There's a brief-but-heartbreaking scene in the final game of the trilogy, Arkham Knight, in which Batman mourns his fallen love. In the Gotham City Police Department building's evidence lockup, Batman can come across Talia's sword, which had been used against her by The Joker in the previous game. He leans against the display case and sorrowfully muses, "Talia... I'm sorry."
3 The Dark Knight Rises
Christopher Nolan's Batman films featured a handful of characters who weren't lifted from any comic book. Rachel Dawes, William Earle (Rutger Hauer's character), and John Blake are among several characters with no direct precedent in the comics. When Marion Cotillard was announced to be playing another original character, Miranda Tate, many fans failed to even suspect her true identity: Talia al Ghul, Daughter of the Demon. Liam Neesen's version of Ra's al Ghul died in his failed attempt to destroy Gotham with a mega-microwave device, so Talia, working with Bane, decided to purge the city with a nuclear bomb.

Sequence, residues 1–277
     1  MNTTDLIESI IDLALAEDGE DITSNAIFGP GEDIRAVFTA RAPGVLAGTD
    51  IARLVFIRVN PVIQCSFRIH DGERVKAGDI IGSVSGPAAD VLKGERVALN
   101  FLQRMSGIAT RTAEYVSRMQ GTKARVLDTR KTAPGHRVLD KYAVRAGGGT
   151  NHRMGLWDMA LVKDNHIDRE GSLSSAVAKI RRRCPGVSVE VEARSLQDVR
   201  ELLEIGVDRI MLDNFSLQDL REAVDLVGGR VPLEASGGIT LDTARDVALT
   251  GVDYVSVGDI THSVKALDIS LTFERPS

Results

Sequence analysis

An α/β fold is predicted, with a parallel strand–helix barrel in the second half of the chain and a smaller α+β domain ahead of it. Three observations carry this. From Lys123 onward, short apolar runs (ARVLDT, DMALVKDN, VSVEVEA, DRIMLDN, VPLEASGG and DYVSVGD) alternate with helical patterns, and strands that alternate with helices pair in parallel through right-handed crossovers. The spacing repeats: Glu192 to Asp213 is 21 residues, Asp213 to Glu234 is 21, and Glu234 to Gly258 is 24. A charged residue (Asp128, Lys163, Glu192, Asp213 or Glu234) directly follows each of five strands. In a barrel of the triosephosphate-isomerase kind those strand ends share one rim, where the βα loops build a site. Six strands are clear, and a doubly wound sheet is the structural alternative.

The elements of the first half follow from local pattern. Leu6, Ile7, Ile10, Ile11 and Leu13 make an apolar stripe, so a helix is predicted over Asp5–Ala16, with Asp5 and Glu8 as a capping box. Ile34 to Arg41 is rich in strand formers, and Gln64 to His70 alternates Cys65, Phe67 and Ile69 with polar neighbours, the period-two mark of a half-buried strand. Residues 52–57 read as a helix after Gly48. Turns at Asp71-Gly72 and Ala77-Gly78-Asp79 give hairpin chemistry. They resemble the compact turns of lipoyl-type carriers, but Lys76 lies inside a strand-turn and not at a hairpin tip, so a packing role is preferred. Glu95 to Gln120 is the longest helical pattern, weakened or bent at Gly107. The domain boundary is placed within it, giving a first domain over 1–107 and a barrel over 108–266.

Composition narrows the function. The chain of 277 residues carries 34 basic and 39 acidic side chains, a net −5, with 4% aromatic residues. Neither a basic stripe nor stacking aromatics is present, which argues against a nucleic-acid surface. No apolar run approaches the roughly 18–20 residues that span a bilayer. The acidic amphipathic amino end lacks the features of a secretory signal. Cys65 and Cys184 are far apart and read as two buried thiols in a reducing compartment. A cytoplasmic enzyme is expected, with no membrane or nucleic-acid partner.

Before revealing her true identity, "Miranda" seduces Bruce Wayne, keeping the film faithful to their complicated romantic relationship in the comics. While Talia's death scene may be a source of scrutiny on the internet, there's no denying that The Dark Knight Rises successfully introduced the relatively obscure villain to a wider audience, just as Batman Begins bolstered the popularity of her father, Ra's.
2 Lexa Doig
In season 5 of Arrow, Talia will be played by Lexa Doig, continuing the show's long tradition of hiring talented, if somewhat lesser-known actors to portray pivotal characters. That being said, Doig certainly has a strong track record with cult television shows. In the mid 1990s, Lexa had a recurring role on TekWar, based on the novels co-written by William Shatner.